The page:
Dangerous eats in late pregnancy

As spring and calving approaches, vet Sara Sutherland says farmers need to be mindful of their animals’ diets.

In Livestock6 Minutes

Most farmers are aware of the risk of stock aborting from eating macrocarpa in late pregnancy. I often get asked at what stage pregnant cattle can be safely grazed on macrocarpa and what other trees have the same aborting risk.

The toxin responsible for the abortions is called Isocupressic acid. Macrocarpa (Cupressus macrocarpa) and Leyland cypress (Cupressocyparis leylandii) are the most common tree species implicated, as their needles seem to contain the highest concentration of isocupressic acid. Other pine species do contain some of this toxin.

What about pine plantations? Some sources list radiata pine as a cause of abortion; others say that it has low levels of isocupressic acid so is relatively safe. How dangerous they are to graze will probably depend on how much the animal eats.

For all these trees – pine species, macrocarpa and Leyland cypress – the needles, bark and branch tips all contain the toxin, and weathered or wilted bits are more toxic.

The toxin causes damage by reducing blood flow to the uterus. Abortions happen in late gestation because the foetus gets bigger and needs more blood flow. How late in pregnancy can you graze cattle near pines? Again, it depends on how much of the toxin they eat so best not to take any chances.

You might also have calves born weak and premature. Along with the abortion, cows have a period of looking depressed and having a decreased appetite.

Abortion can happen up to two weeks after cows have eaten the needles or bark. You often get retained membranes after a macrocarpa abortion and in my experience it’s the rule rather than the exception. Even though calves are small and premature you often have to assist with the calving. Because the damage is on the uterus side, it can be hard to diagnose – there aren’t a lot of signs in the aborted foetus. If you see abortions though, it is always worth getting them investigated. That way you can rule out other common causes of abortion.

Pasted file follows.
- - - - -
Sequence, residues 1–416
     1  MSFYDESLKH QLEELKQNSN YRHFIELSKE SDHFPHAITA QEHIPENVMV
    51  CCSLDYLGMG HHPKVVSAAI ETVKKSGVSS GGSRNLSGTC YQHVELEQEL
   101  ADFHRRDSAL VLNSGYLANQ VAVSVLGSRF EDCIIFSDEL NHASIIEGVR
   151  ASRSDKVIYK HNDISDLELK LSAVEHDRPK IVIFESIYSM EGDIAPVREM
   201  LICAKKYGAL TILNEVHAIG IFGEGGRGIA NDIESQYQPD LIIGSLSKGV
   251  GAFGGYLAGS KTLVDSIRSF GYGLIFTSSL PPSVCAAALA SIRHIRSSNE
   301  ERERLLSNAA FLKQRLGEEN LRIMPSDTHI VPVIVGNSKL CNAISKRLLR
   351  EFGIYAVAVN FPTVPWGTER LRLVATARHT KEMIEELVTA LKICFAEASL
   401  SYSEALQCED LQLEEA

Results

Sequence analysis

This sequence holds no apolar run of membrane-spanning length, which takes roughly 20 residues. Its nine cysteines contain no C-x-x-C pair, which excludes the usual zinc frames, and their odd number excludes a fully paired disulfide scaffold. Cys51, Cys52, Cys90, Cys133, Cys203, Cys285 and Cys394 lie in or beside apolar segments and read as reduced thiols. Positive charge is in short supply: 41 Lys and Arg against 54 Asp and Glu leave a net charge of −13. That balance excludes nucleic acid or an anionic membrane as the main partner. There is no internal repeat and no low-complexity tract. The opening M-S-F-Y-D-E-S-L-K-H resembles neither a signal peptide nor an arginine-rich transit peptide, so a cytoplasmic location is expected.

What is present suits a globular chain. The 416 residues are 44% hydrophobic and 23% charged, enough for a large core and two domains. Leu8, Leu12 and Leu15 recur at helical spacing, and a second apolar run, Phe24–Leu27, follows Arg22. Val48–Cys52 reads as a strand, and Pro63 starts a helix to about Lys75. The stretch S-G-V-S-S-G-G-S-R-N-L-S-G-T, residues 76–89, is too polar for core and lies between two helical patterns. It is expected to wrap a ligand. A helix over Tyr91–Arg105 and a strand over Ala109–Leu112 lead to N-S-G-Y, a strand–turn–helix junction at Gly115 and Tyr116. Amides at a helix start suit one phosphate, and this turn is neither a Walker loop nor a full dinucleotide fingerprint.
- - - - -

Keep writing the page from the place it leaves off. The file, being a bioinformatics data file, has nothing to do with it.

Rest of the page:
There is no treatment. In an outbreak you just have to wait it out.

It doesn’t seem like sheep are affected in the same way.

If you are seeing abortions, talk to your vet – it’s better to do some investigation and find out whether there is something you can do to avoid losses.

It was only early autumn when we had a couple of nights cold enough for a fire so it feels like winter isn’t far away. I’m not a fan of winter – the only good thing about it is that it makes you appreciate spring! One of the best things about spring is calving. No thrill quite matches pulling out a live calf. As vets we don’t get many live calves though – usually if it’s easy the farmer will have already got it out. So I humbly offer my words of advice for farmers at calving season.

Don’t wait too long. You’re never wrong to gently put on a long glove and put a hand up and check. If things aren’t going well they will be easier to fix now than tomorrow morning.

A uterine prolapse a vet gets to within a couple of hours will always go back in; one that you don’t get to until the next day is rarely a success.

Remember the motto of the Australian Cattle Veterinarians group: always use more lube (and I assume they are talking about calving cows!).

If you’re trying something for 20 minutes and it’s not working, try something else.

Don’t underestimate how fast an angry cow can run (or, don’t overestimate how fast you can run away!)

If pulling hard doesn’t work, pulling harder probably won’t either. It’s now illegal to use a tractor to pull a calf out – a practice best left in the dark ages.

For those that need a bit of antibiotic – a cow with a dead calf or a difficult calving for example – penicillin dose rates and withholding periods have recently changed. Talk to your vet to make sure you’re using the latest label.

Since having a baby of my own I have a lot more sympathy for cows. Without getting anthropomorphic, I am less likely to mock them for complaining loudly and vocally. Also, I appreciate the relief of an epidural after hours of unproductive straining. Don’t be embarrassed to call the vet out to help. It’s not a sign of weakness and doesn’t mean you failed. We have drugs.

  • Sara Sutherland is a vet with Vet Services Wairarapa.